Construction Site Murder
A workman was killed at a construction site. The police began questioning a number of the other workers. Based on past brushes with the law, many of these workers were considered prime suspects. They were a motley crew:
The electrician was suspected of wiretapping once, but was never charged.
The carpenter thought he was a stud. He tried to frame another man one time.
The glazier went to great panes to conceal his past. He still claimed that he didn’t do anything, but he was framed.
The painter had a brush with the law several years ago.
The heating, ventilation, and air conditioning contractor was known to pack heat. He was arrested once, but duct the charges.
The mason was suspect because he got stoned regularly.
The cabinet maker was an accomplished counter fitter.
The autopsy led the police to arrest the carpenter, who subsequently confessed. The evidence against him was irrefutable, because it was found that the workman, when he died, was hammered.
Ever wish you were an octopus so you could slap 8 people at a time?
A man was well inebriated, but he got behind the wheel of his car anyway and began to drive home. Of course, he couldn’t exactly drive straight or stay below the speed limit. Two policemen pulled him over and demanded a sobriety test. They asked him to walk a straight line, and he failed.
They began to take him with them, but suddenly they received a call on their walkie-talkies, asking them to go to another part of town. They asked the man to be patient while they called someone else to cover for them.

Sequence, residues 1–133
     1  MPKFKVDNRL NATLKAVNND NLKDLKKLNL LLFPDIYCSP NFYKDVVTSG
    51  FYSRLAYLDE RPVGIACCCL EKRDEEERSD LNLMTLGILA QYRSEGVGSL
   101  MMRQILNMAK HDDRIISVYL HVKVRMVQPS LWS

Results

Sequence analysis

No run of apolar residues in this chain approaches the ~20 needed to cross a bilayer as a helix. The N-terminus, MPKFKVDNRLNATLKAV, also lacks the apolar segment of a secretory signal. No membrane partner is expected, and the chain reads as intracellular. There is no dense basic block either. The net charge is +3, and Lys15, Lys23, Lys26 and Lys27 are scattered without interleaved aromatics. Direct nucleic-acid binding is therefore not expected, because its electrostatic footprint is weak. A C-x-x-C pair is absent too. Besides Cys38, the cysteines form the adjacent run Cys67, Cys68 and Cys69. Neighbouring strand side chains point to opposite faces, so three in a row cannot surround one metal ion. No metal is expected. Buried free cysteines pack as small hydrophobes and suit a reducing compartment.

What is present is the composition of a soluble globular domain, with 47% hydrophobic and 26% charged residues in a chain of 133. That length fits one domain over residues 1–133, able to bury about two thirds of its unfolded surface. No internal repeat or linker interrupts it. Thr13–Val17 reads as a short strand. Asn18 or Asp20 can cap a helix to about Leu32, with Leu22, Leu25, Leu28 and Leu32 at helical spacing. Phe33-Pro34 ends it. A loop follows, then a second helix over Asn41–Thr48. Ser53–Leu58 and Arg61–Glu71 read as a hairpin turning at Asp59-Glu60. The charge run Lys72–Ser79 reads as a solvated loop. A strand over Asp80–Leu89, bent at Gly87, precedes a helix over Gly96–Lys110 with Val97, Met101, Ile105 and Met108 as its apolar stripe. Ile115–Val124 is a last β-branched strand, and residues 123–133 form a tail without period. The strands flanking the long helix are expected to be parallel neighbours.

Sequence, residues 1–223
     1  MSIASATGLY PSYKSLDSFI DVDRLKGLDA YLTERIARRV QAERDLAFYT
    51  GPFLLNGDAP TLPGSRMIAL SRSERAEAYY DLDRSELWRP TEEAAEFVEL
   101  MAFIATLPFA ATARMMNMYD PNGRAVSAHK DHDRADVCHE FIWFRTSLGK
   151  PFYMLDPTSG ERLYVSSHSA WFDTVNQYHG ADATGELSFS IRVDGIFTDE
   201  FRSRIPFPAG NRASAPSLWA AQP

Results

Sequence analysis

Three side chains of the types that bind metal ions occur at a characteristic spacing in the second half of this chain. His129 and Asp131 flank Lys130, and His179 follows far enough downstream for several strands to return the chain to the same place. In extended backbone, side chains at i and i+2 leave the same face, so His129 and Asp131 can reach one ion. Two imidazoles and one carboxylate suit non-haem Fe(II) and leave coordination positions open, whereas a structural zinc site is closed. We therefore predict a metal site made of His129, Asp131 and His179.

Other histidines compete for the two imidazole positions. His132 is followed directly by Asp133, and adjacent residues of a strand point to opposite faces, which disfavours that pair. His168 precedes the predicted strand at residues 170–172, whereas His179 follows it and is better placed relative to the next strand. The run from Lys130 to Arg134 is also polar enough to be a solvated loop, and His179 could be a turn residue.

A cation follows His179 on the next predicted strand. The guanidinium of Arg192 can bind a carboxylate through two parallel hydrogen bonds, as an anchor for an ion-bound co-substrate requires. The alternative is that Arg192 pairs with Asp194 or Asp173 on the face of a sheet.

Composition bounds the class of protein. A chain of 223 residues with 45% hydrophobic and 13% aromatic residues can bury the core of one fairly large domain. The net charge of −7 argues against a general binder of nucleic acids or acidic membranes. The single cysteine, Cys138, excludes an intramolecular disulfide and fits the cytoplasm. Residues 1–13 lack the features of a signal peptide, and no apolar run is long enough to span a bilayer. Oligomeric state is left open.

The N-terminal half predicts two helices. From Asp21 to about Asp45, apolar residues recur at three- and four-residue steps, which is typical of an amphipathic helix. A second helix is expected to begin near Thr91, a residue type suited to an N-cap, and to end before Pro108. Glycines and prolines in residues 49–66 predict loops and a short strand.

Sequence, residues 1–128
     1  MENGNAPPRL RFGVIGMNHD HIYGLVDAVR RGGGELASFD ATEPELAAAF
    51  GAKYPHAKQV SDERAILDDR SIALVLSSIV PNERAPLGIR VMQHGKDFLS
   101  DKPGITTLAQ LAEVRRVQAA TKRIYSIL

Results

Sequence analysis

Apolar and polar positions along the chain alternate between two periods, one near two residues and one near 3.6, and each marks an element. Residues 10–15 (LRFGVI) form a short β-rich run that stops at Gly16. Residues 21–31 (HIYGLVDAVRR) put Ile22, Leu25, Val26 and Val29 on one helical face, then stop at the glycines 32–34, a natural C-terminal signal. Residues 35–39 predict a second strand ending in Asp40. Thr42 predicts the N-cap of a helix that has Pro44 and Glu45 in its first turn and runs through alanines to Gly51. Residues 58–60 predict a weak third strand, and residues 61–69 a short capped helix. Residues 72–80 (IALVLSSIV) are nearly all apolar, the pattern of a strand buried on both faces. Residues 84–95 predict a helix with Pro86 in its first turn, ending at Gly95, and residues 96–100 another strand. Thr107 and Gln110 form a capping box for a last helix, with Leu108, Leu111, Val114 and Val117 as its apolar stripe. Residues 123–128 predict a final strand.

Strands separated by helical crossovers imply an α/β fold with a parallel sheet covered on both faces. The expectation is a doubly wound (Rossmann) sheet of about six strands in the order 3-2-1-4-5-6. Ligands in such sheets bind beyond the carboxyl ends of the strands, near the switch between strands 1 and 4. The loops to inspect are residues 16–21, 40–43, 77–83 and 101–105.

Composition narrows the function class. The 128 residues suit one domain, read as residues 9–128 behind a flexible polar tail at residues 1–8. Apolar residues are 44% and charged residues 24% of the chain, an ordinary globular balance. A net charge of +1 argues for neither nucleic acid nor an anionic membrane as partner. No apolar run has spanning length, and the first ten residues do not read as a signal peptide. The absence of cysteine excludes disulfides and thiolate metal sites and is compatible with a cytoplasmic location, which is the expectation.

But the man grew tired of waiting and, after a few minutes, drove home. He got in bed and said to his wife, who had been waiting for him, “If any policemen come looking for me, tell them I’m not home yet.” The wife agreed, somewhat confused and a little embarrassed.
No sooner than her husband fell asleep did she hear a knock at the door. Sure enough, it was the two policemen. They asked about her husband, and she replied that he wasn’t home. Then they asked to check her garage. Puzzled, she agreed. She opened up the garage for them–and there sat the policemen’s squad car, lights still flashing.
A judge was interviewing a woman regarding her pending divorce. He asked, “What are the grounds for your divorce?”
She replied, “About four acres and a nice little home in the middle of the property with a stream running by.”
“No,” he said, “I mean what is the foundation of this case?”
“It is made of concrete, brick, and mortar,” she responded.
“I mean,” he continued, “what are your relations like?”
“I have an aunt and uncle living here in town, and so do my husband’s parents.”
He said, “Do you have a real grudge?”
“No,” she replied, “we have a two-car carport and have never really needed one.”
“Please,” he tried again, “is there any infidelity in your marriage?”
“Yes, both my son and daughter have stereo sets. We don’t necessarily like the music, but the answer to your question is yes.”
“Ma’am, does your husband ever beat you up?”
“Yes,” she responded, “about twice a week he gets up earlier than I do.”
Finally, in frustration, the judge asked, “Lady, why do you want a divorce?”
“Oh, I don’t want a divorce,” she replied. “I’ve never wanted a divorce. My husband does. He said he can’t communicate with me.”